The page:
Dynamically creating fields in a nested form

I have a nested form that I am working on, that adds products to a job sheet.

At the moment It starts with 7 rows by doing 7.times { @job_sheet.products.new } in the new action.

I would like It so It starts with one but create an add button that can add more rows, and a remove to remove them.

I found this RailsCast which is exactly what I want to do.

However I have no idea what this is doing

module ApplicationHelper
  def link_to_add_fields(name, f, association)
    new_object = f.object.send(association).klass.new
    id = new_object.object_id
    fields = f.fields_for(association, new_object, child_index: id) do     |builder|
      render(association.to_s.singularize + "_fields", f: builder)
    link_to(name, '#', class: "add_fields", data: {id: id, fields: fields.gsub("\n", "")})

Can somebody please break this down for me so I can understand it, and is there a better or easier way of doing this?


NOTE The code would not format correctly but it is at the bottom of the link I have provided.

The code is confusing because it’s written to be useful in all settings. If you translate it to your models, it should become more clear.

f is your form builder.

f.object is the object that the form is for. In your case, @job_sheet.

f.object.send(association) is then equivalent to @job_sheet.products, which this code then calls klass.new on, which says “get me the class of that association and call the initializer”.

So all of the above lines just gave you a new object for the association and assigns it to new_object. Then the code goies about the call to fields_for. It sets the child_index to new_object.object_id simply because it’s a convenient unique identifier. Within the fields_for block there’s the call to render a partial which will follow the convention of the association singularized appended with _fields. So in your case, it’d be _product_fields.html.erb.

The code ends with the call to link_to to tie all of this together.

As I said, it’s a bit opaque because it’s written to be generally useful. I think it’s interesting to try to understand this code but if I were doing this today I’d probably go with cocoon. It’s API might be a bit easier to read too.

Thanks @derekprior things are a little more clear to me now. Is it possible to do this in a Rails console or IRB session, so I can see what each step is doing?


You can play with the non-form related things in a console without a problem. To use the form stuff (form_for, fields_for, etc), you’ll need to include ActionView::Helpers in your console session.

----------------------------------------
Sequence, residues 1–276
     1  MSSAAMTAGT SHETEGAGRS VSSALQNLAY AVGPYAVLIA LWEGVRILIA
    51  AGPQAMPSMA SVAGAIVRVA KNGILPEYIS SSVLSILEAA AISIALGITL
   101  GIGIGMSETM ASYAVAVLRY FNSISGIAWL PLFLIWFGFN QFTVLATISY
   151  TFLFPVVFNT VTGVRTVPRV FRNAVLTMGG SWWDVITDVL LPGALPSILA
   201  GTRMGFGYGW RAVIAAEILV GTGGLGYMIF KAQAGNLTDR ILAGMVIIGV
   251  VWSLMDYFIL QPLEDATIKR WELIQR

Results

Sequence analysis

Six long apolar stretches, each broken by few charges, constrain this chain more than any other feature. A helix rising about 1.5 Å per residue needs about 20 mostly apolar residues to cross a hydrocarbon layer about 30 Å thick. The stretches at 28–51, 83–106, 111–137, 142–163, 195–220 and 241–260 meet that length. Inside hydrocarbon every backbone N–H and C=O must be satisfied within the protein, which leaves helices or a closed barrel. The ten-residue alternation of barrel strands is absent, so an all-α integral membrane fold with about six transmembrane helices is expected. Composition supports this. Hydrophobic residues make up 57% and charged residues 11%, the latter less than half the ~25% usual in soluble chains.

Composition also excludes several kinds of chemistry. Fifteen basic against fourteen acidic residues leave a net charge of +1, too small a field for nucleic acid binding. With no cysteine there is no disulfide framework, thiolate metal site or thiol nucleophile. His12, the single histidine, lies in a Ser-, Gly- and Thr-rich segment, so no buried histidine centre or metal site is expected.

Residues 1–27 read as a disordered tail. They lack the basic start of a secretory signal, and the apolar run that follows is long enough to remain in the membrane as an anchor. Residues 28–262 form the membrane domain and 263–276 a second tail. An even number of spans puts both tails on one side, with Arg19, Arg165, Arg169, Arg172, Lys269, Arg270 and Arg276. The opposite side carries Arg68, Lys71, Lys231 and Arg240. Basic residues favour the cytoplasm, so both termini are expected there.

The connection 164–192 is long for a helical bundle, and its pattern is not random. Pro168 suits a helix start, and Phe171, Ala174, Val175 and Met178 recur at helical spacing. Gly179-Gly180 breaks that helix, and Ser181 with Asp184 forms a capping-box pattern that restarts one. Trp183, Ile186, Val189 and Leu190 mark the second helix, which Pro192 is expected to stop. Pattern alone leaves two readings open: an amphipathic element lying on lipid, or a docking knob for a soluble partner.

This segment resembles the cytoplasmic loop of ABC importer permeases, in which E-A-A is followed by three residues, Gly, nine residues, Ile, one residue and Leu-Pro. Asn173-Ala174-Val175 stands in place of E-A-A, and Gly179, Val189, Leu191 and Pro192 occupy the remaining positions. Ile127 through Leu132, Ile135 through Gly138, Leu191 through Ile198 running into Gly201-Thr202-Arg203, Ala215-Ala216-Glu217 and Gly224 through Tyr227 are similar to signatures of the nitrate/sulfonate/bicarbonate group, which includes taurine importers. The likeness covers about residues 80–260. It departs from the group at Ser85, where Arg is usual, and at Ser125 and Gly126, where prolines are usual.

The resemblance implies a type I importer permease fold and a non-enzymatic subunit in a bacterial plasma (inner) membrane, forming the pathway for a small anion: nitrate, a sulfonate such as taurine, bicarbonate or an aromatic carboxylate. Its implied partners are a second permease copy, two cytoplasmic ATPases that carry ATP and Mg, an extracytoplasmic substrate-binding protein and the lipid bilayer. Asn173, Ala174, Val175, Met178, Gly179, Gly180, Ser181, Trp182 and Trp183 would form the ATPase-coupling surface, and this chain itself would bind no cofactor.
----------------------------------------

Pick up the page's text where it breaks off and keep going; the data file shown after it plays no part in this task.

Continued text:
Thanks again @derekprior I will give it a go.

@derekprior Is there a way I can do this without using a helper or a gem, that’s easier for me to understand?

Not that I’m aware of. I’m no longer a pro subscriber to RailsCasts, but from what I can remember it lays out the ways you would go about building this yourself. You could eliminate some of the misdirection in the RailsCasts sample and hardwire it to your use case - that is - render a specific partial, call new on a specific relation rather than going through send, etc).

The one part of the code I didn’t explain yet is the link itself. It’s creating an HTML link that has as a data attribute HTML that represents the fields needed for the nested model. When the link is clicked, JavaScript grabs that html from the data attribute and puts it into the form (incrementing the id, I believe, so that it’s always unique as you keep clicking ‘add’).

Cocoon does something very similar. Last I checked instead of using a data attribute it uses a hidden div to the same effect.

@derekprior would this work?

def link_to_add_fields(name, job_sheet)
  new_object = job_sheet.products.new
  id = new_object.object_id 
  **not to sure what to do with the fields part**
  link_to(name, '#', class: "add_fields", data: {id: id, fields: fields.gsub("\n", "")})

Also my form is a nested resource so my main form is <%= form_for([@company, @job_sheet]) do |form| %>

That looks like a start. Then you need to do the same fields_for stuff done above (but you can hardcode your partial) and add the javascript, etc.

THis is really rather complicated. As I said, I think it’s great to try and figure out what’s going on here, but in production I’d probably rely on cocoon.